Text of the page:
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Washington Nationals’ Adam Eaton injures left leg, MRI tomorrow: “It didn’t look too good.” - Dusty Baker

Adam Eaton beat out an infield single to load the bases as the Nationals rallied in the ninth, but the Nats’ center fielder rolled his left ankle on the first base bag and left the game in obvious pain.

New York Mats v Washington Nationals Photo by Mitchell Layton/Getty Images

One minute the Washington Nationals were rallying and threatening to potentially steal another win from the New York Mets, but the crowd, which was whipped into a frenzy by the late-inning comeback attempt fell silent when Adam Eaton fell to the ground beyond first base after hustling down the line for a base-loading infield hit.

With runners on first and third and no one out in the ninth, Eaton sent a grounder to short and hustled down the line, beating Asdrubal Cabrera’s throw to the bag, but he stumbled, stepping awkwardly in front of the bag and crumbled to the ground in obvious pain once he passed the base.

It looked like he completely rolled over his left ankle, stepping on the front side of the bag with a late last stride and coming down hard on his left leg.

Eaton had to be helped off the field, and he appeared to be incapable of placing any weight on the left leg.

Dusty Baker didn’t offer much in the way of information when the Nationals’ manager met with reporters after what ended up a 7-5 loss.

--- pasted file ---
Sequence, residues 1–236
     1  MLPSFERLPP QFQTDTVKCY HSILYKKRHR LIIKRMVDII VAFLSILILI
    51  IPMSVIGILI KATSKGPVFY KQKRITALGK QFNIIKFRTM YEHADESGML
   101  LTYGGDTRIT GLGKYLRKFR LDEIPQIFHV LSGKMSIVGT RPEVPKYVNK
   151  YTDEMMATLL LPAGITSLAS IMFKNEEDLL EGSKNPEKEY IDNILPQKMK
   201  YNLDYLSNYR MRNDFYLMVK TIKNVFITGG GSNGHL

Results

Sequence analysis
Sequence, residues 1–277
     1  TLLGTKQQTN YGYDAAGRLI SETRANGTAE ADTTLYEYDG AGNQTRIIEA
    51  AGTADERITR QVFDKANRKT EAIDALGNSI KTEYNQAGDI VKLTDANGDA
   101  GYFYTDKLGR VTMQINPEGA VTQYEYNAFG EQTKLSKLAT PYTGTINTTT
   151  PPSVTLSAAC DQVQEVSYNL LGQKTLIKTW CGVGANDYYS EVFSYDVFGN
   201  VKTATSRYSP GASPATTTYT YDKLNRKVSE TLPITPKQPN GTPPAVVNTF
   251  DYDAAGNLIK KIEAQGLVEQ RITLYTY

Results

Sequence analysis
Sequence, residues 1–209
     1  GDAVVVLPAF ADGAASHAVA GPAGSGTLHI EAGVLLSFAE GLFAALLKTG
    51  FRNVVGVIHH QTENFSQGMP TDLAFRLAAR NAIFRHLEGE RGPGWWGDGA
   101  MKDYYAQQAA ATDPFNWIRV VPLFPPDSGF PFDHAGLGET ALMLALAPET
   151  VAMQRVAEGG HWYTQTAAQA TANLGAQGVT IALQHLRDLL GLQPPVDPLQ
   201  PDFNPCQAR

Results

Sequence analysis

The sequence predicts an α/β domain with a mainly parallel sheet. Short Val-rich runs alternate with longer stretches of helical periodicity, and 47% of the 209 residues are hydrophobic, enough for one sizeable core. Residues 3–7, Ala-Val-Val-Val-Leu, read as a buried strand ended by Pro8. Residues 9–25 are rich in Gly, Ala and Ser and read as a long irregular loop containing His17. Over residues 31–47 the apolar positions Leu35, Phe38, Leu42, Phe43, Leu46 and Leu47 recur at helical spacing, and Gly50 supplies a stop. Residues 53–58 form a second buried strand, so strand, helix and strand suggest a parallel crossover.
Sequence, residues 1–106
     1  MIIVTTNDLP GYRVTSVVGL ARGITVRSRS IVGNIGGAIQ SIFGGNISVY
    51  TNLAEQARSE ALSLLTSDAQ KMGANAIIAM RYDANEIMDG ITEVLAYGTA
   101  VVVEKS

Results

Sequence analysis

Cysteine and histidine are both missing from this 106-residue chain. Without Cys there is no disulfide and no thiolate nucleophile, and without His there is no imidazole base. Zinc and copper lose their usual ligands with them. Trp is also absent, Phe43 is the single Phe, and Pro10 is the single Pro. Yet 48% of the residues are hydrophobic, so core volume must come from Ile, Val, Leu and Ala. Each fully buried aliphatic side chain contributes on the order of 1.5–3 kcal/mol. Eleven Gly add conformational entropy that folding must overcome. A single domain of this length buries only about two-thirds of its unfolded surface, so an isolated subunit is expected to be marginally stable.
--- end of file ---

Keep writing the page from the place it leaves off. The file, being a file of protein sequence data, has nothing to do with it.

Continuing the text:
“What do you know?” a reporter asked.

“Nothing,” Baker said.

“Just he hurt his leg and they’re going to take him in tomorrow for evaluation.

“As you saw, the same thing we saw, it didn’t look too good, so we’ll know something more tomorrow.”

By “evaluation”, Baker qualified, he meant MRI. He didn’t, however, say if it was a knee or ankle injury.

“It’s his leg, we don’t really know yet, I’m not at liberty to say yet,” Baker explained.

It was an emotional end to the series opener with the Mets. Eaton left the field of play, replaced by a pinch runner, with no one out in the ninth.

Jeurys Familia struck Trea Turner out with the bases loaded and Josh Edgin came on to face Bryce Harper and got a weak grounder back to the mound to start a game-ending 1-2-3 DP.

“We would much rather have lost the game than lose Adam,” Baker said, “so emotions were — I think we all knew on the bench it didn’t look good, but we still had a chance to come back and win that game, but [Familia] made the pitches on Trea and [Edgin] made the pitches on Bryce and they got away.

“That was a tough way to end the game.”